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Jan Boeckhorst

Allegory of Africa

Jan Boeckhorst

Jan Boeckhorst

Allegory of Africa

Allegory of Africa

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Jan Boeckhorst

Münster or Rees circa 1604 - 1668 Antwerp

Allegory of Africa

inscribed upper left: AFRICA

oil on canvas

canvas: 41⅓ by 32¼ in.; 105 by 82 cm.

framed: 48¼ by 40 in.; 122.6 by 101.6 cm. 

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Private collection, Spain.

A black woman is depicted three-quarter length before a cloudy, luminous sky with her right arm drawn across her breast. She is wearing a headdress of white pearls inset with a miniature of a winged Amor, a bejeweled armlet, a silk dress striped in white, gold and green silk drawn into a knot and worn over a Venetian-style white chemise, leaving her right shoulder exposed. In her right hand she holds a transparent gauzy veil emanating from her headdress, forming a counterpoint to the heavy chain which manacles her left arm. 

Around 1650, Jan Boeckhorst executed at least two versions of the present compsotion. One is part of a series from German private collection illustrating the allegorical subject of the Four Continents, while the other is in the Hohenbuchau Collection.1 The present painting appears to be an autograph version by the artist, and belongs to a different set from the two discussed.2

In Elizabeth McGrath’s view, Boeckhorst has created an original conception of a black woman.3 She concludes that the image is unique among representations of the Continent in this period, further speculating that the chain worn by Africa might be an allusion to "the slavery practiced within and upon black Africa."4 However during this period the overt reference can hardly have been to the Atlantic slave trade: rather it denotes the enslavement of Africans by the Turks.5 The specific source for Africa is, according to McGrath, Titian’s Portrait of Laura Dianti, Mistress of Alfonso d’Este, with a Black Page. This painting could have been known to Boeckhorst through an engraving by Aegidius Sadeler II (1570-1629). Another source of inspiration could have been the print of Agrippine Sibille, from a set of twelve engravings by Gilles Rousselet (1610-1686) and Abraham Bosse (circa 1601-1676) after Claude Vignon (1593-1670) that was published around 1635-1640 and copied by Pieter II de Jode (1606-1674) in Antwerp.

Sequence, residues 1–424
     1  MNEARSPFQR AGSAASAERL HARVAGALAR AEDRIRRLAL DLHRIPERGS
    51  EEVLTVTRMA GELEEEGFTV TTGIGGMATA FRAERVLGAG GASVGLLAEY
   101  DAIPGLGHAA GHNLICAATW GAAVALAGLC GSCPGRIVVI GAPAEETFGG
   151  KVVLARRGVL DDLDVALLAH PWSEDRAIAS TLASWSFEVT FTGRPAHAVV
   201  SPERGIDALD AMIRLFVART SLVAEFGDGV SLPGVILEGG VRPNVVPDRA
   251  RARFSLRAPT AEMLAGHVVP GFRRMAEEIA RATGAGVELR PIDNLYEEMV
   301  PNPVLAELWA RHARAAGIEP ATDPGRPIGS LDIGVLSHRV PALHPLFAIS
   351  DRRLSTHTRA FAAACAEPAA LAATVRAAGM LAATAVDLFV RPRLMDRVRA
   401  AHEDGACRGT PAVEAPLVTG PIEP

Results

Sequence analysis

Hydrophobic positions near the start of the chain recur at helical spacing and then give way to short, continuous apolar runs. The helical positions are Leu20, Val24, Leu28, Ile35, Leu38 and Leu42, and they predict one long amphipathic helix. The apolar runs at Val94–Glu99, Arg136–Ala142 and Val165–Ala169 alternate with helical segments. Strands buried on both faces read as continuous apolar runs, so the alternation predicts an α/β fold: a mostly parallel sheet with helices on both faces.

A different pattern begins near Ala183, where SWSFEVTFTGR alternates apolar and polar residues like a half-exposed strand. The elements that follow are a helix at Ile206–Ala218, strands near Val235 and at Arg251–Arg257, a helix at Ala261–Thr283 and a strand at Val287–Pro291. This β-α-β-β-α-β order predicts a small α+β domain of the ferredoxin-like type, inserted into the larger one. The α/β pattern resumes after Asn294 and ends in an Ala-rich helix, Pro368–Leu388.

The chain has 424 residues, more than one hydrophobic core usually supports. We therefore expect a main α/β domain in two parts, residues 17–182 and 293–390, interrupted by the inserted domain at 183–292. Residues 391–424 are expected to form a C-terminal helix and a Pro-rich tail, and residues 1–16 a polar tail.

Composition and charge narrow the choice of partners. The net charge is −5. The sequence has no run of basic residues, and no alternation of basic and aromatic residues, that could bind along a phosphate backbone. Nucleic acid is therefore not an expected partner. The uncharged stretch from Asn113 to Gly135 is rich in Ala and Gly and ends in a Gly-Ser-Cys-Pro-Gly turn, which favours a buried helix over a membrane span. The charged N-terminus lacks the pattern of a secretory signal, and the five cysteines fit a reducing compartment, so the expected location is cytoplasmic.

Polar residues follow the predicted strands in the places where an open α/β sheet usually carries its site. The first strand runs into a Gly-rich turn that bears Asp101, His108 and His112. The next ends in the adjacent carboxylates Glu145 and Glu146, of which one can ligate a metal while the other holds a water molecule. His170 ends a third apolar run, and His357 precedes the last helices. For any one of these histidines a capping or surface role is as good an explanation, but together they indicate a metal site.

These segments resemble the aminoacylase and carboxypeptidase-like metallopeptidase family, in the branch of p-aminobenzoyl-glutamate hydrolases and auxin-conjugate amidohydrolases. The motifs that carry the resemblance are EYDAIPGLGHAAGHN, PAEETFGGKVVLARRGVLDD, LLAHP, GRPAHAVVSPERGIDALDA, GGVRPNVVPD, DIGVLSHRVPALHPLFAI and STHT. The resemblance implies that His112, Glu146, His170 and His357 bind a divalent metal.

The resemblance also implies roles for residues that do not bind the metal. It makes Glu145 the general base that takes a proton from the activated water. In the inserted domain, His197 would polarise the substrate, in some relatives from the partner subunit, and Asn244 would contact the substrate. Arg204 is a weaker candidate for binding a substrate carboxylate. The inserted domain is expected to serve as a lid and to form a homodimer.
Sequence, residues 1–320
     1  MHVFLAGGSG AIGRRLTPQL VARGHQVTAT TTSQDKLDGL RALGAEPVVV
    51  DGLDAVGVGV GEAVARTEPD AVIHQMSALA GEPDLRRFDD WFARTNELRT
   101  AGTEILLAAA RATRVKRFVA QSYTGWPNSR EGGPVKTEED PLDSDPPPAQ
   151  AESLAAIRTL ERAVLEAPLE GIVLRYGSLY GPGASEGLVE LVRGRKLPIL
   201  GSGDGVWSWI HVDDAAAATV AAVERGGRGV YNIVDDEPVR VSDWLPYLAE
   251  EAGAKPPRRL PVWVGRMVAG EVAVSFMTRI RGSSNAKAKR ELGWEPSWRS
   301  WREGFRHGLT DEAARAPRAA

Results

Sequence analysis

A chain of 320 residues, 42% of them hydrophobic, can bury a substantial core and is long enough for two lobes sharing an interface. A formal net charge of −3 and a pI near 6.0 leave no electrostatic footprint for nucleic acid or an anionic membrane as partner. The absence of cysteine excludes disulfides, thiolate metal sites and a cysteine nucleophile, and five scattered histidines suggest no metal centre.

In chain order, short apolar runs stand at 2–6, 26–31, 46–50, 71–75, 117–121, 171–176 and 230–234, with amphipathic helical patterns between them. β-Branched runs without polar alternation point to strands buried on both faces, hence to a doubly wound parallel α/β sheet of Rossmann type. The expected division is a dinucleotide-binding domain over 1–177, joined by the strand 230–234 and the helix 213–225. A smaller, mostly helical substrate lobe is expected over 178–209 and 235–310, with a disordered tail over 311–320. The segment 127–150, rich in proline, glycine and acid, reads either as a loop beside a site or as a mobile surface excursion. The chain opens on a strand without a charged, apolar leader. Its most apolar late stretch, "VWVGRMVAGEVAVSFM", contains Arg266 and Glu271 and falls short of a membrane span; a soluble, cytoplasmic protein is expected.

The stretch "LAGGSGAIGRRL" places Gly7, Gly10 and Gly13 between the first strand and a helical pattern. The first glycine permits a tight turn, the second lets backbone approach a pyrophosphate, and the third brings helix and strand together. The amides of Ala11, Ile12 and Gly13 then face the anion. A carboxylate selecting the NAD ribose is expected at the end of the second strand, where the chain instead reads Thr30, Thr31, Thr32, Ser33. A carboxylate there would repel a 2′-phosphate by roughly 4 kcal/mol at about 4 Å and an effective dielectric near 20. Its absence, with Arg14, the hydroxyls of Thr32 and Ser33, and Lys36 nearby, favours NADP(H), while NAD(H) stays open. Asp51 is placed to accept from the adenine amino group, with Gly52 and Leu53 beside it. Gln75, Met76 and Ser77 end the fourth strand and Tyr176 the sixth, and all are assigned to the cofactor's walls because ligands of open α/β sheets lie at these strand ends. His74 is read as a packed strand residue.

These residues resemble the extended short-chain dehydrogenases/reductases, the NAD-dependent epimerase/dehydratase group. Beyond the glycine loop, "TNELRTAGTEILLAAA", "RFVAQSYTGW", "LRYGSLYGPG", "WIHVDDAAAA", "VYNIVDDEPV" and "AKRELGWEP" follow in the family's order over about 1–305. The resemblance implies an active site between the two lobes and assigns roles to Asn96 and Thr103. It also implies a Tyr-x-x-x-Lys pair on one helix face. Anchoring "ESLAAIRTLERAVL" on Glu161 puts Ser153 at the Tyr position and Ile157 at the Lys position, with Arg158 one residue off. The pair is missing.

1. M. Galen, Johann Boeckhorst : Gemälde und Zeichnungen, Hamburg 2012, pp. 126- 136, cat. nos. 34-40.

2. Elisabeth McGrath (Warburg Institute) as well as Boeckhorst expert Maria Galen have previously endorsed the attribution on the basis of photographs in 2017.

3. E. McGrath, ‘Sibyls, Sheba and Jan Boeckhorst’s ‘Parts of the World’, in: Florissant : bijdragen tot de kunstgeschiedenis der Nederlanden (15de - 17de eeuw) : liber amicorum Carl Van de Velde, Brussels 2005, pp. 359-366.

4. E. McGrath 2005, p. 366.

5. E. McGrath 2005, pp. 361-362.

6. E. McGrath, ‘Jacob Jordaens and Moses’s Ethiopian Wife’, in: Journal of the Warburg and Courtauld Institutes 70 (2007), pp. 247-285, p. 273